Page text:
Other common elements are the presence of a family member/interested party entry point, an accommodating attorney and a cooperative judge in this case played seemingly and respectively by brother David Tate, attorney Paul Housch and Davidson County Probate Judge Randy Kennedy. A posting at FreeDannyTate suggests that Tate’s case is perhaps not the first conservatorship collaboration of Housch and Kennedy.
Details in the process of Danny Tate’s conservatorship proceedings paint a troubling picture of just how easy it is to hijack a person’s life using legal instruments and today’s court system. The continuation of this situation demonstrates the absolute lack of protection for those targeted in such actions.
The initial freezing of Tate’s assets was reportedly granted in an ex parte “emergency” conservatorship hearing of which Tate was not aware. This freeze thwarted Tate’s hiring of counsel and provided Dr. William Kenner, a child psychiatrist without addiction medicine certification, opportunity at the permanent conservatorship hearing to pronounce Tate as “disabled” with no challenge to Kenner’s lack of credentials, brief investigation and questionable testimony. Upon Tate’s current attorney, Michael Hoskins, filing an extraordinary relief application, the Middle Tennessee Court of Appeals reversed one of Judge Kennedy’s critical case rulings, an act described by Nashville Scene as “meaning the Probate Court had strayed so far from established legal procedure that an extraordinary judicial slap on the wrist was dealt to Kennedy. More remarkable still, Judge Frank Clement, the jurist who issued the Appeals Court decision, used to sit in Kennedy’s seat in Probate Court.”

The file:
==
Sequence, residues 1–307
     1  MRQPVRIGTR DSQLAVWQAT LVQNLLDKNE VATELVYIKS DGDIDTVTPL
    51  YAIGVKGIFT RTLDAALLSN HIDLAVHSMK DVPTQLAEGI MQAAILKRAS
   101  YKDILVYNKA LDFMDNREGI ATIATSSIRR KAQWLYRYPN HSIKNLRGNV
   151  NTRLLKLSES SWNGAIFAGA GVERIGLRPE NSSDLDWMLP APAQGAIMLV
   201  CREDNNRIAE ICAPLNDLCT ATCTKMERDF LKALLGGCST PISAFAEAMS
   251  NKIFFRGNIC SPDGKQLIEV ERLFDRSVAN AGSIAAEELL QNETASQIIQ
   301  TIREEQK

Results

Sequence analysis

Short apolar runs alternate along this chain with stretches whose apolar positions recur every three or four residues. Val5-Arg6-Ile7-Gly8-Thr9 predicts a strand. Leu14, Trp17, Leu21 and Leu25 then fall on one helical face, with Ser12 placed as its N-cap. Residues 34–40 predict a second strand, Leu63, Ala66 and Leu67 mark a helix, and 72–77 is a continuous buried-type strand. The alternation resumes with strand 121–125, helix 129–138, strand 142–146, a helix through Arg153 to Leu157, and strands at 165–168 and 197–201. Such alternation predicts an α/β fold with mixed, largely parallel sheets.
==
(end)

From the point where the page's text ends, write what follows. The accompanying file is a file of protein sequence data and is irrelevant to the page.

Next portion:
Two or so years of conservatorship activity has reduced Danny Tate’s $615,000 estate to about $175,000.
Three things are important to note about Danny Tate’s case. First, while conservatorships are often associated with the elderly, that’s not the situation here. This case started with a 50-ish-year-old Tate who historically struggled with alcohol and drug issues yet had maintained 18 years of sobriety only reverting to past destructive behaviors after 2004 shoulder surgery helped incite new challenges – physically as well as in his personal life.
Second point. During his nearly two decades of sobriety, Danny Tate was far from a deadbeat. Though never attaining major “front man” commercial success, Tate is as an accomplished songwriter with decades of recognized marketability and with his songs having been recorded by the likes of Rick Springfield, Tim McGraw, Travis Tritt, Diesel, Lynyrd Skynyrd, Jeff Healey, David Lee Murphy and Billy Ray Cyrus. In recent years, Tate had found a lucrative niche composing music for shows such as Entertainment Tonight and the Ellen DeGeneres Show. Between current jobs and royalties, he was reportedly making quite a comfortable living until the confiscation of his recording equipment via the conservatorship.